The Wall Street Journal reports this morning that the SEC is finally considering charging the credit raters—critical components of the securitization fraud machine—with civil fraud.

The question I have when reading these scooplets is always “What took so long?” It has, after all, been nearly four years since Moody’s and S&P started saying “my bad” about hundreds of billions of dollars of mortgage assets they’d given AAA ratings. But why the investigations take so long to unfold or even to start is almost never explored, much less answered. Is it a resources issue or is it a priorities issue? Or is it just about basic competence?

After all, the press has done some good spadework in this field, and there was an April 2010 Senate report, that in the words of McClatchy’s Kevin G. Hall, found that “credit-ratings agencies knowingly gave inflated ratings to complex deals backed by shaky U.S. mortgages in exchange for lucrative fees.”

In other words, there’s been a lot of low-hanging fruit out there for some time now.

The Journal today:

Now, SEC officials are focusing on the question of whether the ratings companies committed fraud by failing to do enough research to be able to rate adequately the pools of subprime mortgages and other loans that underpinned the mortgage-bond deals, according to people familiar with the matter.

It is a common tactic for regulators to accuse financial firms of fraud for allegedly misrepresenting information to investors, either recklessly or intentionally, according to lawyers. In the case of the rating companies, the firms could face allegations from the SEC that they relied on incomplete or out-of-date information supplied to them on the pools of loans in the mortgage-bond deals or ignored clear signs of problems among subprime loans and so gave unduly high ratings to slices of the deals that were then sold to investors, say people familiar with the matter.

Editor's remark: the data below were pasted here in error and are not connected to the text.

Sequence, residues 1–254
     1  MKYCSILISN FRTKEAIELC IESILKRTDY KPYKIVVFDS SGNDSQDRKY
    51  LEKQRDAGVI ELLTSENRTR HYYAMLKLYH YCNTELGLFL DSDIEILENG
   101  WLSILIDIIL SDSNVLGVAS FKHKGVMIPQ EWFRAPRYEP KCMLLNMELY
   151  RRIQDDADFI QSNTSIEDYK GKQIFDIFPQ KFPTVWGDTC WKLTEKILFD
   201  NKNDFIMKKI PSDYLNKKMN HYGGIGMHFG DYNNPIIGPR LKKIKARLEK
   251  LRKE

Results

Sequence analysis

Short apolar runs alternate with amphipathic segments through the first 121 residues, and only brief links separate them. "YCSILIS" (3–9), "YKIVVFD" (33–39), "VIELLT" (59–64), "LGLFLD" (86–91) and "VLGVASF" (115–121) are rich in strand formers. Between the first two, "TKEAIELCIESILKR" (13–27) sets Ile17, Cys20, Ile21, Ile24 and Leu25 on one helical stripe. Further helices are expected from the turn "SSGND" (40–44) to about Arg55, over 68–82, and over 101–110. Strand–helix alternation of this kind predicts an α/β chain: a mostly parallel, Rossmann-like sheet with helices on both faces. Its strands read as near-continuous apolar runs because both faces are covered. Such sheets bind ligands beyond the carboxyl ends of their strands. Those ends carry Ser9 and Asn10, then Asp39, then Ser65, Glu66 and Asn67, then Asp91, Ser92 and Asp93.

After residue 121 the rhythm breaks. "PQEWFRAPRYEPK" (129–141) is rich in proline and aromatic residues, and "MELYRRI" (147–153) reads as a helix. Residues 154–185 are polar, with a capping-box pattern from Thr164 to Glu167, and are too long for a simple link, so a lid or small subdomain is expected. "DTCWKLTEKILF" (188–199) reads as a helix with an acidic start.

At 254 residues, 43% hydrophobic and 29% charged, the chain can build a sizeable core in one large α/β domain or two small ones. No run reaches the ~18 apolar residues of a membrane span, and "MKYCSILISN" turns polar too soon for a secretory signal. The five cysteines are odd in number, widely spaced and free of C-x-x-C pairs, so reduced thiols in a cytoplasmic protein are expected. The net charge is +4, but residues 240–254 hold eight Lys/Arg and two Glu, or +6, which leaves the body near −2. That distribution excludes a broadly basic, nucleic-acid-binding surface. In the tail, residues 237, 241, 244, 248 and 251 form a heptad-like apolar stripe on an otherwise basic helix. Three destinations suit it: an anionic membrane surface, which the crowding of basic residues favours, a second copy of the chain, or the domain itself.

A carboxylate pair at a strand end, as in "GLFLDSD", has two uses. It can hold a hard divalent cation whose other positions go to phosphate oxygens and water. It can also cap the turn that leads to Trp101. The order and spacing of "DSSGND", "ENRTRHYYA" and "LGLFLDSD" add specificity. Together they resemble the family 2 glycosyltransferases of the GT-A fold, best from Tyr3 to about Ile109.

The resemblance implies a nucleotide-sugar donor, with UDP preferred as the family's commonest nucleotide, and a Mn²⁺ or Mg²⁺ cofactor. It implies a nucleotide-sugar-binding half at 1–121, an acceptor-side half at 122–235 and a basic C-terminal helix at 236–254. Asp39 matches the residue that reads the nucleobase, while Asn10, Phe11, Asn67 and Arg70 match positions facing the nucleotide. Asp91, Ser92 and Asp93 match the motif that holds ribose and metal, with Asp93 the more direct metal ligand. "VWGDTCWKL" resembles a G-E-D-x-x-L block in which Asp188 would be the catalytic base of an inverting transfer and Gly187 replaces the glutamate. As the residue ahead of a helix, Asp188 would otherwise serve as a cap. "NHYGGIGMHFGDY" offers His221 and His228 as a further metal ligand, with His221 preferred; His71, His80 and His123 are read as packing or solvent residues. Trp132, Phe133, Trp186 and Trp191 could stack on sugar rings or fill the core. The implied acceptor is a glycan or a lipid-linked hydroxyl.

The SEC is looking closely at the conduct of Standard & Poor’s, a unit of McGraw-Hill Cos., said people familiar with the matter. They said the agency is also reviewing the role played by Moody’s Investors Service, owned by Moody’s Corp., in relation to at least two mortgage-bond deals.

The paper doesn’t say anything about the third wheel here, Fitch Ratings. It is it facing civil charges, and if it isn’t, then why not?

Of course, as the WSJ points out, the credit raters will try to use the First Amendment as a shield for their corruption. They say they’re just offering “opinions,” and courts have upheld that nonsense. The SEC faces a higher bar here than it would with a normal case.

The Journal has some other scooplets here too, including that press favorite Jamie Dimon’s JPMorgan Chase is about to settle for defrauding investors:

A new wave of cases involving fraud allegations against banks and other financial firms related to the deals is expected shortly, say people familiar with the matter. They said the agency is aiming for a second wave of settlements in the fall, with a third and final group possible by the end of the year.

J.P. Morgan Chase & Co. is among the first banks in line for a settlement of charges expected by the SEC, people familiar with the matter said. The New York investment bank is expected within weeks to settle these allegations related to its sale of a $1.1 billion mortgage-bond investment, called Squared, as the housing market was collapsing in early 2007. J.P. Morgan and most of the other banks that are expected to face allegations of fraud in relation to mortgage-bond deals are expected to agree to pay about half or less than the $550 million Goldman paid to settle the SEC charges, according to people familiar with the matter.

JPMorgan makes about $275 million in profit every four or five days.

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Ryan Chittum is a former Wall Street Journal reporter, and deputy editor of The Audit, CJR's business section. If you see notable business journalism, give him a heads-up at rc2538@columbia.edu. Follow him on Twitter at @ryanchittum.